Anthony Fest

Anthony Fest

Producer and host, KPFA’s “Weekend News.”  Producer of “Project Censored Show,”  “Afternoons with Andres Soto,” and  “Poor News Network.”


I’m Anthony Fest, a staff candidate for the Local Station Board (LSB). Here are some of my thoughts about KPFA; if you agree with these ideas, I’d appreciate your vote!

First, my background: I’ve hosted Sunday-evening newscasts on KPFA since 1996. More recently, I was involved in producing and hosting the Morning Mix. I continue to do technical production for the Project Censored Show, El Show de Andres Soto, and the Poor News segment on Hard Knock.

It’s been an honor to be associated with the latter three programs, because each, in its own way, epitomizes what KPFA should be about. Project-Censored media scholars Peter Phillips and Mickey Huff seek out issues and individuals who need better coverage than corporate media is giving. Andres Soto is a natural broadcaster and one of the best additions to KPFA in many years; he brings in-depth knowledge of both local politics and the music world. Tiny, Muteado and the Poor News crew deliver the voices and issues of low-income and no-income people, unfiltered by the commercial-media spin that depicts poor people as a social problem, instead of individuals who deserve the same rights and respect as everyone else. PNN may well be the most educational 15 minutes on the radio!POOR Logo

Besides my programming background, I served two previous terms on the Local Station Board (LSB).

I’d like to go back to the LSB to attempt to address a couple of ongoing KPFA conundrums:

– We broadcast the voices of people fighting for democracy and equity in society, yet our own organization is sorely lacking in those qualities. We’re structured much like a commercial station, with all authority residing at the top. Reorganizing KPFA as a co-op would give all of us a role in the station’s direction; I don’t know if this is legally possible. However, we still can demand that our voices be heard and our concerns addressed.

– We report on social change, yet KPFA itself changes very little. The last real wave of innovation at KPFA was nearly fifteen years ago, in the post-crisis period when many new shows were introduced. Today, we still have only one hour a week dedicated to the Asian-American community, only half an hour for environmental programming, half an hour for labor, no programs for seniors, the LGBT community, etc. Surely we can do better than this.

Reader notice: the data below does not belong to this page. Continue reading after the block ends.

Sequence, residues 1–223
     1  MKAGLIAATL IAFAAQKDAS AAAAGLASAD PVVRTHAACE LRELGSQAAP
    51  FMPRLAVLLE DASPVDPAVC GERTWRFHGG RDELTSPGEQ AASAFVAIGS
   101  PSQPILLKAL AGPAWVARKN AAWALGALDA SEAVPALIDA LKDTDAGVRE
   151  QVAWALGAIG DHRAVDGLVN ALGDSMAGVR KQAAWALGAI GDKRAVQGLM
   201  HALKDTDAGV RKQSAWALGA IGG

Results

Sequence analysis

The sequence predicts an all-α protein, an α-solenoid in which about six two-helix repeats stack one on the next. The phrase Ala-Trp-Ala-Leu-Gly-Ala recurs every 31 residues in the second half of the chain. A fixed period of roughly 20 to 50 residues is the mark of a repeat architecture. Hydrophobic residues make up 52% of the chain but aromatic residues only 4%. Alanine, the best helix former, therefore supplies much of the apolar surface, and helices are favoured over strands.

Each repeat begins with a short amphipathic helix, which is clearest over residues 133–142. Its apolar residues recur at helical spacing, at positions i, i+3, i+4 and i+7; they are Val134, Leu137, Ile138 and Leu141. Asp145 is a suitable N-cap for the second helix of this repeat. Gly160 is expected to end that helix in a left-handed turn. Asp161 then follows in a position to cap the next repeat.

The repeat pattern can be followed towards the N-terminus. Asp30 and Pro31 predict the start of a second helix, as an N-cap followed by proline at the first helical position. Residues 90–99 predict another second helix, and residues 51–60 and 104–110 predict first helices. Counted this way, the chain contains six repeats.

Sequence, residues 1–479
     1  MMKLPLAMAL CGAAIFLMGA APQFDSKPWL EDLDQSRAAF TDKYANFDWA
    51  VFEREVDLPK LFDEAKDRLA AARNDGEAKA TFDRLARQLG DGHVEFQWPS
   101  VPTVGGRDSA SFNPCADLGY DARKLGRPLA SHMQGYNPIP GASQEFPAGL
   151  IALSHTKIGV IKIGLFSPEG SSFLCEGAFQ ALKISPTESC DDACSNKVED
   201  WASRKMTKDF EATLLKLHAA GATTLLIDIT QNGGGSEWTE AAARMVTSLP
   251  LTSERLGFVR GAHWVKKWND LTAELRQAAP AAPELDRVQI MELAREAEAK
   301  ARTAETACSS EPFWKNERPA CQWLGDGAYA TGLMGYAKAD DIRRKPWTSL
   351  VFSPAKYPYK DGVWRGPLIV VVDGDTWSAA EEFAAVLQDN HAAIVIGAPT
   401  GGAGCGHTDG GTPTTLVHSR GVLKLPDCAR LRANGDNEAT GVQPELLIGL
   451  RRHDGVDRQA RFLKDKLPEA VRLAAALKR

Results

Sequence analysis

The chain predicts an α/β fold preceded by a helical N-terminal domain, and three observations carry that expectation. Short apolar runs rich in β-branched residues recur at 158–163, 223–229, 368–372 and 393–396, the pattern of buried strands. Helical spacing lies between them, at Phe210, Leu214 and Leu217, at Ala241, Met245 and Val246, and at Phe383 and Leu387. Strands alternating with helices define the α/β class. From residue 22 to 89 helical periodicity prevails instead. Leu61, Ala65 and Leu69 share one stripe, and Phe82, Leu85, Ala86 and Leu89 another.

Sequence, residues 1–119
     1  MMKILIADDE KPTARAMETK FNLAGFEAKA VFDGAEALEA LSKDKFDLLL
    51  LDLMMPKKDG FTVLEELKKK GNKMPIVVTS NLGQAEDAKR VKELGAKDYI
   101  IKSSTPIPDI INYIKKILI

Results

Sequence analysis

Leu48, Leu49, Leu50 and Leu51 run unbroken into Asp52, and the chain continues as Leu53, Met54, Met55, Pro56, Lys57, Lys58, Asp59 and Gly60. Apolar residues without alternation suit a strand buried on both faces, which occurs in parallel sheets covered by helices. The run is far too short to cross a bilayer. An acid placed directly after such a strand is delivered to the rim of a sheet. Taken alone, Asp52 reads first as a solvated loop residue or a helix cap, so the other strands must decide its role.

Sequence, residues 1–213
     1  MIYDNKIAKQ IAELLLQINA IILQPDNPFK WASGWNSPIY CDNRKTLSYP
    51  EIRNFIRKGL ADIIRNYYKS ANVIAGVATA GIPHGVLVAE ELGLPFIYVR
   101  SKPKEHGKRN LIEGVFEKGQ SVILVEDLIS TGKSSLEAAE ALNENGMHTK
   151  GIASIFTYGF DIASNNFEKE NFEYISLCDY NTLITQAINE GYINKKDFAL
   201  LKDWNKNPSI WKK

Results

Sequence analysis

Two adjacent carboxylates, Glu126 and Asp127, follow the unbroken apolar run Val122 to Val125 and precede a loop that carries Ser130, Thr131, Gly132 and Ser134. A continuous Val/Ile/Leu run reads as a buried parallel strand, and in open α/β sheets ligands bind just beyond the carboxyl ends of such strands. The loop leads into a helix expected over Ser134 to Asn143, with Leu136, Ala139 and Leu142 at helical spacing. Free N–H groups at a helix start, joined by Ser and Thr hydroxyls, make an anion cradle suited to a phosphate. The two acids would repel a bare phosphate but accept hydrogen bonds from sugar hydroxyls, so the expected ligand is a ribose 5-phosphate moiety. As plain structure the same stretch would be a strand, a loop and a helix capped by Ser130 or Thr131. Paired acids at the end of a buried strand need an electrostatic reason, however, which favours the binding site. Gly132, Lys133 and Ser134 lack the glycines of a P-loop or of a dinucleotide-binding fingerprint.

I don’t pretend that these long-standing problems can be resolved only from a seat on the Local Station Board.  In fact, the LSB is not a very strong institution, as it lacks the power to enforce its decisions. However, at a minimum, the LSB is a venue where staff concerns can be heard and amplified. As C.S. Soong says, “the important thing is not to stop questioning.” If elected to the LSB, I intend to ask lots of questions!

Official Q. & A.



1.  In what ways are the station moving in a positive direction, that you would want to continue or perhaps improve?


The new KPFA web site has a bold, contemporary appearance, and that’s good for promoting the station (although the site still seems to have some bugs).The airing of new programs on KPFB on weekends is a great development, bringing additional listening choices to Berkeley, and offering the apprentices more air time to present their work.



2.  In what ways are the station moving in a negative direction, that you would want to stop or change? What changes would you work for?


The “democracy deficit” is getting worse. In 2008, management shut down the Program Council, depriving both listeners and staff of a role in evaluating programs. No manager since then has acted to reverse that destructive deed. And with no Program Council, there’s no point of entry into KPFA for people who want to propose new programs, but don’t already know someone at the station. How can this be “grassroots community radio”?

 Photo by J MacPherson

Photo by J MacPherson

With the loss of the Program Council, we staff no longer have a role in program decision-making. And now, even our opportunities for communication are being curtailed. As of July 26, the present management has held only one all-staff meeting this year, and that was devoted to a single issue (the web site).